For whatever reason, and this is one that I have not quite been able to figure out yet, the church service today was much shorter than usual. I know that my church tends to fall into the longer service time of the spectrum, it went so quickly, I did not really know what to think of any of it. Although, I thoroughly enjoyed the Message. (It is the most important part anyway).
As Christians, or Lutherans since I’m not so sure I can really generalize this, we are entering what is or should be considered the most important time in the church year: Lent, followed by Passion Week, and finished with Easter. If you do not find this of importance, I suggest you go back to Adam and Eve and then to Jesus’s birth, and you might figure it out. I’m not going to steal what Pastor Burkey wrote up, but I am taking the idea and digging deeper into in my own way. We all know the image of Jesus on the cross, three crosses on the hill-in Golgatha I believe-with the two criminals flanking him on either side. It is a brutal image to see and imagine, yet, it is truly a turning point in our history with God and His son, Jesus. Throughtout Jesus’s life we see him wavering between being the Son of God and the Son of Man. This is an important time where we as Christians see this middle ground between heaven and earth, Jesus.
“Two other men, both criminals, were also led out with him to be exectued. When they came to the place called the Skull, they crucified him there, along with the criminals-one on his right, the other one his left. Jesus said, ‘Father, forgive them, for they do not know what they are doing.’ And they divided up his clothes by casting lots.” Luke 23:32-35
Now, I feel as though most of us see this version of the Crucifixion. Jesus is mocked by many, those on the ground watching the gruesome execution of three men, as well as the criminals, and many others around. Possibly anybody passing through the area, etc. Now, we have the opportunity, to see three other accounts of this moment in Jesus’s life, as well as there being more to this particular version of the Crucifixion.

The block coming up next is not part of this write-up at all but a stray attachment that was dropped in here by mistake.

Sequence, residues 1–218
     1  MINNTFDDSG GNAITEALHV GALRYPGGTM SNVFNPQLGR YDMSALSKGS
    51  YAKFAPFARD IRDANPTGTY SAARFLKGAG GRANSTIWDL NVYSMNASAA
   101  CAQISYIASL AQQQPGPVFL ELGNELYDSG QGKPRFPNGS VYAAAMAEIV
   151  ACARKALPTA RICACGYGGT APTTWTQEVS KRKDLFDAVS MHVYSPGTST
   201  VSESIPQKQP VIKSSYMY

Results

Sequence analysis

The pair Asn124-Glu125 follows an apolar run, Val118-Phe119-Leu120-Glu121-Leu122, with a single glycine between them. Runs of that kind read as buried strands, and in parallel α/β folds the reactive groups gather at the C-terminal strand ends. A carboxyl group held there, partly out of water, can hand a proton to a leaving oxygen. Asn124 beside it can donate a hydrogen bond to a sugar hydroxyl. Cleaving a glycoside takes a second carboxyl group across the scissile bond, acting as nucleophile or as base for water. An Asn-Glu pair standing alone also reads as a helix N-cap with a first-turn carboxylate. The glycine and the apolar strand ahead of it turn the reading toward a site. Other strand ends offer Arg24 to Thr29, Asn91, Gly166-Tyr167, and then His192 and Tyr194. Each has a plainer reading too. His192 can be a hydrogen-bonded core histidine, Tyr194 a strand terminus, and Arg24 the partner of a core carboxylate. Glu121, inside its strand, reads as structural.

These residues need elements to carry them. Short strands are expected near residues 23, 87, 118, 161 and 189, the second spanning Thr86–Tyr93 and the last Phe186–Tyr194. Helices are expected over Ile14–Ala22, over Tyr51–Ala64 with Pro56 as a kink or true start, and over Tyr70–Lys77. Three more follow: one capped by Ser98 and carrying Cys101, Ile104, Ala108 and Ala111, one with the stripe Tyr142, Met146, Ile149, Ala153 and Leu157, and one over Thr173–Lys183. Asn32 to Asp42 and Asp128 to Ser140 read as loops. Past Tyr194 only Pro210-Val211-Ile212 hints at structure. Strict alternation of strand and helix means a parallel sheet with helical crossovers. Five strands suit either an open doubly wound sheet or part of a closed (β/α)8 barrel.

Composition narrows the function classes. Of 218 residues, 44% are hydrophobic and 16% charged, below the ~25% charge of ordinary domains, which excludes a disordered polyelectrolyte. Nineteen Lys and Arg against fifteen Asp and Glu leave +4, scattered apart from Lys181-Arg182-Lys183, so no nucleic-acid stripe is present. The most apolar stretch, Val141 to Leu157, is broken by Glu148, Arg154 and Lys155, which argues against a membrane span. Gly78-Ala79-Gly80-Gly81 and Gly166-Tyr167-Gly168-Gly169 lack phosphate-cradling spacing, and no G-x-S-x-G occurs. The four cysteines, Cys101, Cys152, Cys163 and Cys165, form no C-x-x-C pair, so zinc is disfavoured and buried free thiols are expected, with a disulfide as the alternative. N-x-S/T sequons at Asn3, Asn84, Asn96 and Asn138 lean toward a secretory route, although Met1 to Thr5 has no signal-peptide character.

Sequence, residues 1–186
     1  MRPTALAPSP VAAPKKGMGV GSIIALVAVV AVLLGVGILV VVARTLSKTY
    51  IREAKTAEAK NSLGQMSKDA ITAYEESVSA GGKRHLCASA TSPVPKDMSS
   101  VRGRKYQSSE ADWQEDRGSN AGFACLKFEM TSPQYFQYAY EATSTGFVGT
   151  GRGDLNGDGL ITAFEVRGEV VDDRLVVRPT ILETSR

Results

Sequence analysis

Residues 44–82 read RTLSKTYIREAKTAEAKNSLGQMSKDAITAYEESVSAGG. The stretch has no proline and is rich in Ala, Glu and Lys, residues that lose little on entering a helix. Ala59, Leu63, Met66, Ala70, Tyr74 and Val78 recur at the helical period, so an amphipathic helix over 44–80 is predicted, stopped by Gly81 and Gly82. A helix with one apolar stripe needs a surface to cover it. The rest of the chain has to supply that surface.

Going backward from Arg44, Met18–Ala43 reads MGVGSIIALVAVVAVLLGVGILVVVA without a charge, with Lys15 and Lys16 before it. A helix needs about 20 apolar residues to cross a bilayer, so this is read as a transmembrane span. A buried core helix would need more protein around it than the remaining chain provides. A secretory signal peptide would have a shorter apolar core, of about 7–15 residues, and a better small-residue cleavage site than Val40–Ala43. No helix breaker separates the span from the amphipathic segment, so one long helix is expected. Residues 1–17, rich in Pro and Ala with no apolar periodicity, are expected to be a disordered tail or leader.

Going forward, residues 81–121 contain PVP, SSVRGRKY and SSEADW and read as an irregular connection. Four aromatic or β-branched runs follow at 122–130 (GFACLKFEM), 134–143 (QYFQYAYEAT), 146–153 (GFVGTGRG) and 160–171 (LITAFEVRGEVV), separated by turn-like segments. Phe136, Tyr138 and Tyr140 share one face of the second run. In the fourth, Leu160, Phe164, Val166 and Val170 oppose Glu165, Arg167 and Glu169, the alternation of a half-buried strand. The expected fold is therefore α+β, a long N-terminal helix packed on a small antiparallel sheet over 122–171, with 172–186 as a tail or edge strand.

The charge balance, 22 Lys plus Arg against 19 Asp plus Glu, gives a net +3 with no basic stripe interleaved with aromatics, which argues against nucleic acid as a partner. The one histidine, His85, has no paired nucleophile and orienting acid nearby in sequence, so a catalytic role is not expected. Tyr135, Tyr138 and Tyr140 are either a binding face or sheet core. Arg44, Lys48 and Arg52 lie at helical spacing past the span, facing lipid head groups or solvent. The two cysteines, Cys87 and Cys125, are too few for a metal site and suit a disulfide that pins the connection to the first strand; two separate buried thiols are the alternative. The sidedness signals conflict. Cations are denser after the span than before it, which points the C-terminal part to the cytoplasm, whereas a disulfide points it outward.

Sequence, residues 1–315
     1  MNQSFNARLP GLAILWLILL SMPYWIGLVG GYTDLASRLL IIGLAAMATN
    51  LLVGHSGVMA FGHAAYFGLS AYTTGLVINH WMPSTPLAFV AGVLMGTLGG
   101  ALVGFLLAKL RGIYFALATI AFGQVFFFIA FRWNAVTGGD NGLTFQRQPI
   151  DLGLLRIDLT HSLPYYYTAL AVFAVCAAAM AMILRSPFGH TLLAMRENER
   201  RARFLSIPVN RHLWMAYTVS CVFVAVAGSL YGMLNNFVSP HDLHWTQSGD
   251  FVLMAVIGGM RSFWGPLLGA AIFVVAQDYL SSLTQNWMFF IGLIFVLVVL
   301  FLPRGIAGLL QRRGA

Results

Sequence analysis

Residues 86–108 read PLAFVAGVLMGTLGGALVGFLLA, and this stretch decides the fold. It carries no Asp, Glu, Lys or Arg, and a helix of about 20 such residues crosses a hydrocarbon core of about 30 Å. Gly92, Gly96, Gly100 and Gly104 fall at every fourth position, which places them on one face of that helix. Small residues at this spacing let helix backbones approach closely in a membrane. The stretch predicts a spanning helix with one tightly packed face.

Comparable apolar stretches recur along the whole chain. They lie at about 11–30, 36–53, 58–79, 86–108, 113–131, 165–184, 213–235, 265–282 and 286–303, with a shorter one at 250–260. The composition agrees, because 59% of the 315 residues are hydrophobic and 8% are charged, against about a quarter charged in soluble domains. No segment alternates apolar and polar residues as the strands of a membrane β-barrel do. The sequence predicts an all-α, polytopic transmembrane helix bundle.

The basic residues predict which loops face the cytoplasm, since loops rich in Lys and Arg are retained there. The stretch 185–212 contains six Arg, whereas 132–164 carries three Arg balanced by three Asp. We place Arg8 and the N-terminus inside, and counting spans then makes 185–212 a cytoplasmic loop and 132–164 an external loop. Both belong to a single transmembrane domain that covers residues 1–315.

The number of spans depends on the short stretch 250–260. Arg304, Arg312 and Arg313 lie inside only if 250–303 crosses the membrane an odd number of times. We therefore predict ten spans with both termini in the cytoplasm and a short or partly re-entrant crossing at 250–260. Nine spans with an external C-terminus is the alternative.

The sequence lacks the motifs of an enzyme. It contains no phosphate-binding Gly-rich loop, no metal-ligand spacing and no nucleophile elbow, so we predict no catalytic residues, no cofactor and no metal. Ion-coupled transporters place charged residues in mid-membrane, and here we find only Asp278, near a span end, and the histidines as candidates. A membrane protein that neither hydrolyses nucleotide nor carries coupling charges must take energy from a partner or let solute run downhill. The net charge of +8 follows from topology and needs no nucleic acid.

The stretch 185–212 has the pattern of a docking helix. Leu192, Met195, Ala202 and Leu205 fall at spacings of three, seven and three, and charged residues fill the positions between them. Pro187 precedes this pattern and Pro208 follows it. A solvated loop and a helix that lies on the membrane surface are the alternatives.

“Two robbers were crucified with him, one on his right and one on his left. Thsoe who passed by hurled insults at him, shaking their heads and saying, ‘You who aer goign to destroy the temple and build it in three days, save yourself! Come down from teh cross, if you are the Son of God!’ In the same way the robbers who were crucified with him also heaped insults on him.” Matthew 27:38-40, 44.
Matthew is usually the much more long winded writer of the Gospel, but this account does not attain for what could be the most important parts of this story. If not the most important, it is a vital point of what we can expect thanks to Jesus’s death on the cross.
“One of the criminals who hung there hurled insults at him: ‘Aren’t you the Christ? Save yourself and us!’ But the other criminal rebuked him. ‘Don’t you fear God,’ he said, ‘since you are under the same sentence?’ ‘We are punished justly for we are getting what our deeds deserve. But this man has done nothing wrong.’ ‘Jesus remember me when you come in to your kingdom.'” Luke 23:39-42
This criminal realized that he was at a point in his life that no matter what, he was going to die. He then came to the realization of where he wanted to spend eternity. There was no reason to badger Jesus into trying to save them in that moment and keep them on the earth. He decided that he wanted to join Jesus in his kingdom, just like we all hope to one day. The answer that he gave the criminal is the answer that he gives to us:
“Jesus answered him, ‘I tell you the truth, today you will be with me in paradise.'” Luke 23:43
Of all phrases that become important to us in this particular time is the words of the criminal and Jesus’s response. Those who believe in Jesus before men will be in paradise with him upon their earthly death.
“Then he said to them all: ‘If anyone would come after me, he must deny himself and take up his cross daily and follow me. For whoever wants to save his life will lose it, but whoever loses his life for me will save it.'” Luke 9:23-24